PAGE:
To a daisy

We have had much more rain this winter than usual, even the water table level that has been getting dangerously low for some years has returned to normal.  This is all good stuff for gardeners and I look forward to seeing many more wild flowers this year.  What has surprised me is the crop of daisies that has appeared in the grass around the house.  I had not noticed their absence until they appeared in quantity this year.  In the wet west of Scotland there is no shortage of daisies in the grass and making daisy chains was a summer pastime.  I hated the lawnmowers that put an end to them and created a boring green plain.  I was difficult to console and had little sympathy with the adults who assured me the daisies would soon reappear.

I have my own daisies now and I have enjoyed photographing them and capturing the variety of shapes and colours as they unfold.  Some   begin with deep raspberry-tinted petals and some are round like miniature peonys.  Some unfold coquettishly, others  frankly becoming completely white, while others retain a pink rim to the petals.

But the fateful day was sure to come.  I was informed that if the grass was not cut the machine would not be able to cope.  I begged a stay of execution for a patch with speedwell and dandelions near the plum tree and my mining bee nests.  The rest of the grass is now more or less green.

At least I have my photographs.

And I am comforted that Rabbie Burns, Scotland’s national poet felt pretty bad about seeing the daisies cut down too. His poem is to a Mountain Daisy but I’m sure its like my daisies.

To A Mountain Daisy (Written in 1786)

Wee, modest crimson-tipped flow’r,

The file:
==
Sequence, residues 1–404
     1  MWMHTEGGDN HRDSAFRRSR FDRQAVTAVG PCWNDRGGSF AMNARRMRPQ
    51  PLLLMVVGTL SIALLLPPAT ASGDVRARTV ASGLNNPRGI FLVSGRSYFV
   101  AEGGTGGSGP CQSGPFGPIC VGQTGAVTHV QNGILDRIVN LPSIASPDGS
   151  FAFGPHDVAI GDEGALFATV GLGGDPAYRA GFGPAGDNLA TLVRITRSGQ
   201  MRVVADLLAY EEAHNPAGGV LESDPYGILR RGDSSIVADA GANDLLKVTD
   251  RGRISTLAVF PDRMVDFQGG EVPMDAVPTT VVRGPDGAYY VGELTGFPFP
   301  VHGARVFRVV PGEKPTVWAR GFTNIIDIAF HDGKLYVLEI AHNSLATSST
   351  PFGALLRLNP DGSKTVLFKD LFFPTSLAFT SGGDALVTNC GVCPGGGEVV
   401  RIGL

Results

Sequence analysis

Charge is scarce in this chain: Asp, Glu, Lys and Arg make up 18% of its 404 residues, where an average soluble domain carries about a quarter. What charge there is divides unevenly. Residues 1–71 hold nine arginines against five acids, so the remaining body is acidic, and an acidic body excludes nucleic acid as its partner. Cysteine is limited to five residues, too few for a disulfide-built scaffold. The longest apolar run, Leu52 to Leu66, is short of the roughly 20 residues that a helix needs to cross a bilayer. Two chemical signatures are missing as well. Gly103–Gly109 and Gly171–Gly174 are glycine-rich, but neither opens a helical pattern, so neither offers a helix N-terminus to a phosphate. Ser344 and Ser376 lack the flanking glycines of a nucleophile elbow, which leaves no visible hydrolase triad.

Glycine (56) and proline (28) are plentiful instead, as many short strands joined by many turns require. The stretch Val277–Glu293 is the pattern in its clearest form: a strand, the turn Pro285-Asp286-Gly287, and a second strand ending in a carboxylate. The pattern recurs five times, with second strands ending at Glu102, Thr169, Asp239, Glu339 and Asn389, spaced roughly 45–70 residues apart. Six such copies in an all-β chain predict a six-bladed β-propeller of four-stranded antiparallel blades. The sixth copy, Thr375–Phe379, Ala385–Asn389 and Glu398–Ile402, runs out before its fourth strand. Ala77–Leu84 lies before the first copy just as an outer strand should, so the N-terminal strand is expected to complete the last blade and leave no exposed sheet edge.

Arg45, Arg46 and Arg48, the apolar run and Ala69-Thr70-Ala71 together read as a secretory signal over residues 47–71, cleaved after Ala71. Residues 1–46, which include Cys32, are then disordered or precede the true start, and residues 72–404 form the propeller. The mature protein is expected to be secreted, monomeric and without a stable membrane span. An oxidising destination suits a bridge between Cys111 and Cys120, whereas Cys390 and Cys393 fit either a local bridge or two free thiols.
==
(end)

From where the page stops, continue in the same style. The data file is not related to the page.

Thou’s met me in an evil hour;
For I maun crush amang the stoure
Thy slender stem:
To spare thee now is past my pow’r,
Thou bonie gem.

To read more or to listen to it being read,

This slideshow requires JavaScript.

23 thoughts on “To a daisy

  1. How lovely. As you may have heard, we are still in the depths of winter here. There was some sun yesterday but the temperature hovered doggedly around freezing all day. Not a bug in sight! Lovely to be able to enjoy daisies here at least.


  2. Great pictures…
    what height does your “it must be mowed” mow at?
    I am finding that an eight centim cut height leaves a neat sward…
    and most of the daisies and speedwell.


    1. I think it gets mowed much less technically. Latest news is that it has had to be dragged out of a steep slope and the blade has been knackered on a foreign object, so I’m keeping a low profile on the mowing at the moment.


Leave a Reply

Fill in your details below or click an icon to log in: Logo

You are commenting using your account. Log Out /  Change )

Twitter picture

You are commenting using your Twitter account. Log Out /  Change )

Facebook photo

You are commenting using your Facebook account. Log Out /  Change )

Connecting to %s